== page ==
Part I: The Fiduciary Duties of Officers and Directors of Insolvent Corporations

April 23, 2010 by  
Filed under Medicare Audits

(April 23, 2010):  Many health care providers are in a fight for financial survival.  Ever-decreasing reimbursement costs, coupled with increasing costs and expanding contractor audits of Medicare billings have put many providers out of business.  As a Firm, we do what we can to defend health care providers who are being subjected to subjective audits, many times years after the services were rendered.  Unfortunately, sometimes we are called in too late to assist.  We were recently contacted by a company on the verge of insolvency.  David P. Parker, a corporate attorney here, was asked to address the fidcuciary duties of Officers and Directors.  Over the next few days, Mr. Parker will be posting several articles examing the  fiduciary duties of Officers and Directors of insolvent corporations and corporations operating in the so called “Zone of Insolvency.”

Part I:  The Fiduciary Duties of Officers and Directors of Insolvent Corporations

In the United States, corporations are creatures of state law, and the fiduciary duties of a corporation’s directors are defined by its state of incorporation. Many U.S. corporations are incorporated in the state of Delaware, which has a strong tradition of well-developed corporate jurisprudence.   There may, however, be differences between Delaware law and the laws of other states within the United States.  In general, Directors of solvent corporations have two basic “fiduciary” duties, the duty of care and the duty of loyalty, owed to the corporation itself and the shareholders. Directors must act in good faith, with the care of a prudent person, and in the best interest of the corporation. Directors must also refrain from self-dealing, usurping corporate opportunities and receiving improper personal benefits.  Decisions made by a Director on an informed basis, in good faith and in the honest belief that the action was taken in the best interest of the corporation will be protected by the “business judgment rule.”  Generally, officers owe the same fiduciary duties as directors.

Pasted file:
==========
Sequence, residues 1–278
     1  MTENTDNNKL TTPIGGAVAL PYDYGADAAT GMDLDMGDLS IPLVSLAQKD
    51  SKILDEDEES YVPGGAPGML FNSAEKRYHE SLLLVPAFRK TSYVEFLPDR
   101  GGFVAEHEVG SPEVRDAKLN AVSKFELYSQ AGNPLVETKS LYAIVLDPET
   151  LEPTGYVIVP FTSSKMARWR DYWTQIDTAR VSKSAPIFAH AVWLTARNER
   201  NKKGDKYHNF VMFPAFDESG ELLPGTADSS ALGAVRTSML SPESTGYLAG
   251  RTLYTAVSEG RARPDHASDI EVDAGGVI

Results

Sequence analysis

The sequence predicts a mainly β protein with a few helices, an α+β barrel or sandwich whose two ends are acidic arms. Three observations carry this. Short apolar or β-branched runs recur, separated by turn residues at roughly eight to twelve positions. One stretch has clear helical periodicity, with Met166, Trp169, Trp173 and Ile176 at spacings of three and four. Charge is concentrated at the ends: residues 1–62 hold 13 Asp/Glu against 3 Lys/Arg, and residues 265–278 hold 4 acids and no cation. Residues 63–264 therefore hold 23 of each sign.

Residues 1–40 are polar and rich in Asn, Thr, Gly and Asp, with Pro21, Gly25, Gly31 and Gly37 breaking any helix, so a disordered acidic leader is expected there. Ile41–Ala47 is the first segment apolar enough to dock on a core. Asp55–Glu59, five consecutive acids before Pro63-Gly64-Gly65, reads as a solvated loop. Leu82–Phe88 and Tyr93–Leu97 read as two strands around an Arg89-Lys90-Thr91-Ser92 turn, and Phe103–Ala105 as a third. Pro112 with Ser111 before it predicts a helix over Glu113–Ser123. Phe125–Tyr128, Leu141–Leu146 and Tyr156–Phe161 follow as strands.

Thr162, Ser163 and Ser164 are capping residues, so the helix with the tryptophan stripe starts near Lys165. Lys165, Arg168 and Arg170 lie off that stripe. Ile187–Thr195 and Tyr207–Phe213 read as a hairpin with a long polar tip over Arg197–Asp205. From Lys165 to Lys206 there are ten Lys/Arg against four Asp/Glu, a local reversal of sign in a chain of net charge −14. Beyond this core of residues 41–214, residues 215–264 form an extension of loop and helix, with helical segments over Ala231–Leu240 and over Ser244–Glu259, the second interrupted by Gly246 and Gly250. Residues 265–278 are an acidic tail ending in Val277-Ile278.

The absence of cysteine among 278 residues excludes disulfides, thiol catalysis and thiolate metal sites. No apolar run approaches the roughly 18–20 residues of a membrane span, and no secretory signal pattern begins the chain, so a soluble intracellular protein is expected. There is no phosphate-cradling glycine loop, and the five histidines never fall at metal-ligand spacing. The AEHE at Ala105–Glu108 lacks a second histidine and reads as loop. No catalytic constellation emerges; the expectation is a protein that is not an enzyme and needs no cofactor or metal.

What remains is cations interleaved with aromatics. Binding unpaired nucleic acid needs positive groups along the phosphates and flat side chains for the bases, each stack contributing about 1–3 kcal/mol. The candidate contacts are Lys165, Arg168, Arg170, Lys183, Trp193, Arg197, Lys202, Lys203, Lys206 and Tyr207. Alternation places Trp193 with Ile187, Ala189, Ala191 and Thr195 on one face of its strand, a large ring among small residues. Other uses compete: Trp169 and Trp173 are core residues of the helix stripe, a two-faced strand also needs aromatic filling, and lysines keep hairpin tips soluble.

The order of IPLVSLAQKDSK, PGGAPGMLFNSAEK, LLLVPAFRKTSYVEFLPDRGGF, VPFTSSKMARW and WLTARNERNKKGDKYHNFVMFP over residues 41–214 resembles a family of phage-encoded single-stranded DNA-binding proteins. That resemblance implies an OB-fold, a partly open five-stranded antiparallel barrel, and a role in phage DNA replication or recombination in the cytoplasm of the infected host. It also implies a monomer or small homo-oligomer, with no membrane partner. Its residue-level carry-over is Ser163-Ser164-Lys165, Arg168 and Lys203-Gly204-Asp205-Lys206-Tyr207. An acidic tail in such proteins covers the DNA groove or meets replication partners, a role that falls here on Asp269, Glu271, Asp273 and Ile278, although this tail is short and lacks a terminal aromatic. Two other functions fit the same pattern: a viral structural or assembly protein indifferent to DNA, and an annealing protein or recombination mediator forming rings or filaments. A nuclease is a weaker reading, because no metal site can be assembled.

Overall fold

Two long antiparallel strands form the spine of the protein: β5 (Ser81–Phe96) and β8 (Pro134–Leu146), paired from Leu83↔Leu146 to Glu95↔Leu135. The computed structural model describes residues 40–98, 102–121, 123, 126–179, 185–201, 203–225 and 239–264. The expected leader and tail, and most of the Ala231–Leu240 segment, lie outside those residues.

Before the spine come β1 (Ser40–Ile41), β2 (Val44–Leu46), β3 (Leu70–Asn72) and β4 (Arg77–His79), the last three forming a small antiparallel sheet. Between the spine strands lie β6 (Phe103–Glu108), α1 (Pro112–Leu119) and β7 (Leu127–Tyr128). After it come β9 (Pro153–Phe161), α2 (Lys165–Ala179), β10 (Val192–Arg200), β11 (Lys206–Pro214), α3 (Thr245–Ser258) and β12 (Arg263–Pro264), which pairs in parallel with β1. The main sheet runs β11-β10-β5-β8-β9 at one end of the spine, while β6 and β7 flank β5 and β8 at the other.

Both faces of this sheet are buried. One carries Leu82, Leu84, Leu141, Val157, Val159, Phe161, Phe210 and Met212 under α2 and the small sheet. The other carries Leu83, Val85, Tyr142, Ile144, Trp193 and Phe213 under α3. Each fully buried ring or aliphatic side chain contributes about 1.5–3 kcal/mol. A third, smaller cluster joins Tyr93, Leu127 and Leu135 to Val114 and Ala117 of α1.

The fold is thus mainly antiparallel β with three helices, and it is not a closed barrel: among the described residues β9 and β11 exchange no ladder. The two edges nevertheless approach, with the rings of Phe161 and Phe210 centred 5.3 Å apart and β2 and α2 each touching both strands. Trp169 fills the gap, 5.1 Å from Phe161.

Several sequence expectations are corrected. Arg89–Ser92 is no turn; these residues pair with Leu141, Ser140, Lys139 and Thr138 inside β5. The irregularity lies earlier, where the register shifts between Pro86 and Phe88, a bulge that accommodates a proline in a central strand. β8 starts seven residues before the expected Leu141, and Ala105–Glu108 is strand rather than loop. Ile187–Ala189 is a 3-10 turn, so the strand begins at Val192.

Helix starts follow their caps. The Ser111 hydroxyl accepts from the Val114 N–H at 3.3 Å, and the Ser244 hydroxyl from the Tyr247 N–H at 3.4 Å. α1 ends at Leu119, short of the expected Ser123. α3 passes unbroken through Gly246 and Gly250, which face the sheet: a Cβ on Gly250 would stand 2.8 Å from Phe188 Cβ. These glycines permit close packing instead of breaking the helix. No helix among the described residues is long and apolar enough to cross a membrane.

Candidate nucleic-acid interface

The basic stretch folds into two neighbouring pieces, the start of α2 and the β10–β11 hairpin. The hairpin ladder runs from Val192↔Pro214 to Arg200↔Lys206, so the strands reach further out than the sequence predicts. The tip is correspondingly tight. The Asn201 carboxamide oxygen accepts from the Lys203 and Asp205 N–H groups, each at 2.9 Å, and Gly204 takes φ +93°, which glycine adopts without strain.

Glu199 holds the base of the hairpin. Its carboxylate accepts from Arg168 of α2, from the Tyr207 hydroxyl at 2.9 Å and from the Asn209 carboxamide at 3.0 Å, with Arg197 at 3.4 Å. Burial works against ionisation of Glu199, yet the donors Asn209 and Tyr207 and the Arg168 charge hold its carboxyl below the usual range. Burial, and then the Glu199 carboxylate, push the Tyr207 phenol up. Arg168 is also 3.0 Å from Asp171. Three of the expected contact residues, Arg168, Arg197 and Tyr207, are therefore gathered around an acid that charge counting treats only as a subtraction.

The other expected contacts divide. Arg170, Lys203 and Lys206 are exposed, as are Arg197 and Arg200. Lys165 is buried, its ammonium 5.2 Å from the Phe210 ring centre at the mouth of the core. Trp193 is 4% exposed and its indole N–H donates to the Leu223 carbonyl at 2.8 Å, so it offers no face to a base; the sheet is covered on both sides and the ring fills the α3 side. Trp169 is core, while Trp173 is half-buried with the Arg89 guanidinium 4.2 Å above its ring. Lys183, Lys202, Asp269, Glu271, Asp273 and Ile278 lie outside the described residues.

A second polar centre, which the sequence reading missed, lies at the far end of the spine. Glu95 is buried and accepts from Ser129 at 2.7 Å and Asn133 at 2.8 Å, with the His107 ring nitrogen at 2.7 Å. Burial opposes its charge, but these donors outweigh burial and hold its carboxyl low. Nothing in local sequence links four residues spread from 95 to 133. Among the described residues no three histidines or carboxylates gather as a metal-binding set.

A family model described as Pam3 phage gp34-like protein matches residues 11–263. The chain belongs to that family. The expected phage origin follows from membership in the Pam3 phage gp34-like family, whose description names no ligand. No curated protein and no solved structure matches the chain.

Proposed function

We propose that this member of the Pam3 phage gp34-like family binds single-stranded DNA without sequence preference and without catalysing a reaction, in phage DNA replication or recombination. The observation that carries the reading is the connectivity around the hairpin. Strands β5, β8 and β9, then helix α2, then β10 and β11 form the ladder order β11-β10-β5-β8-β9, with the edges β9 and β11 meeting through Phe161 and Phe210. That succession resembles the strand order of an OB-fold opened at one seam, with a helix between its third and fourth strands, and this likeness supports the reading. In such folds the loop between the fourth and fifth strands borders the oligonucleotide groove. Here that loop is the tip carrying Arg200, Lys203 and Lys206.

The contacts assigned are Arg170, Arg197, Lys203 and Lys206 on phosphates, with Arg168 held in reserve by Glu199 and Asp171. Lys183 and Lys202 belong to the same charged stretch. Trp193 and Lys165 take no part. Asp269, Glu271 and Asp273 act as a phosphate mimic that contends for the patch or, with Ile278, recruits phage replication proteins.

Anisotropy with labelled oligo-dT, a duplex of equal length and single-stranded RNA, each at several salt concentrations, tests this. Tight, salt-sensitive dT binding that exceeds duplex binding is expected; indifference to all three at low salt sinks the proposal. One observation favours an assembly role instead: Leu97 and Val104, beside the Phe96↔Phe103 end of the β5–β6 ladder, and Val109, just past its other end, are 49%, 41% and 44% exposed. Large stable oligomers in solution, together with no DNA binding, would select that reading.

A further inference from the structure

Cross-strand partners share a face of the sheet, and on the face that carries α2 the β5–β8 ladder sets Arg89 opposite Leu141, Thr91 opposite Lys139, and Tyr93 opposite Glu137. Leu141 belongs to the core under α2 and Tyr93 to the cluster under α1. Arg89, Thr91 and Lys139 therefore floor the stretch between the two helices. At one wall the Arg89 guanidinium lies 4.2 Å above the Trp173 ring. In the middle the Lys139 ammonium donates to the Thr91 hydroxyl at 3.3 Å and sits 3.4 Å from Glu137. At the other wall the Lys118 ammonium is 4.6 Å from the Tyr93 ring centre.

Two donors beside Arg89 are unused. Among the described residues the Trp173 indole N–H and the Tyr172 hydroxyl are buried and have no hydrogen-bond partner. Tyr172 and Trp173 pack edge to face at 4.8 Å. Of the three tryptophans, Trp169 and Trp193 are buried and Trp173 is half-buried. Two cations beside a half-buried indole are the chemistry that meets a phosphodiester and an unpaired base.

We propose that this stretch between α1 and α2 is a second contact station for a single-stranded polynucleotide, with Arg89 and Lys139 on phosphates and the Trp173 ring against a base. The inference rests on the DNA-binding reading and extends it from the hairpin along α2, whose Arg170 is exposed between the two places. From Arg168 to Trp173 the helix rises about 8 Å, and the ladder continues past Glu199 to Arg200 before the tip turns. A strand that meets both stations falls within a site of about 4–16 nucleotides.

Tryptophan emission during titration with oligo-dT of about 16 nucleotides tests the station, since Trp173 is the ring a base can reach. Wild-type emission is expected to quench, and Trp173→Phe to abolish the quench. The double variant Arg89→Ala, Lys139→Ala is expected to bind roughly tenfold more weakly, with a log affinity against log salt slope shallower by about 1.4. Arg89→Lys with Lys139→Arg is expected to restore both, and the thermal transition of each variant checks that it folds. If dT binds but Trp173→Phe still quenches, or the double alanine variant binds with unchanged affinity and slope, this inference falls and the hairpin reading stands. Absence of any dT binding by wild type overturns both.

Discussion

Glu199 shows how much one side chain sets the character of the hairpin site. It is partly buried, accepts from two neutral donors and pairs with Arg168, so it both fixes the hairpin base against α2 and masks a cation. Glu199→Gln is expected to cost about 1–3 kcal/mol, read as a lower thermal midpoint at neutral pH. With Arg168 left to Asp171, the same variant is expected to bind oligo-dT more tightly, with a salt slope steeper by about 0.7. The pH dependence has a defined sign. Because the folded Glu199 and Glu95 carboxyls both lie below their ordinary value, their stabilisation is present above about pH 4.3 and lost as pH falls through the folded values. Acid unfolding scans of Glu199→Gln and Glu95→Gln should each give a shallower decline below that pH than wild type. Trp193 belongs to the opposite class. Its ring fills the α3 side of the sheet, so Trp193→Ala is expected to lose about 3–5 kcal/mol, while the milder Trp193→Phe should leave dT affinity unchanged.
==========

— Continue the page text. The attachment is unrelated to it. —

It has long been settled that under ordinary (i.e., solvent) circumstances, shareholders typically have only a derivative (and not direct) right to sue for breach of the fiduciary duties of directors. If they do bring suit against directors, they must do so on behalf of the corporation, and any proceeds of those suits are for the benefit of the corporation.

 The Delaware Supreme Court in Catholic Educ. Programming Found., Inc. v. Gheewalla opined that upon insolvency, creditors (who have, after all, taken the place of shareholders as the de facto owners) may likewise bring only derivative – and not direct – suits on behalf of the corporation against directors

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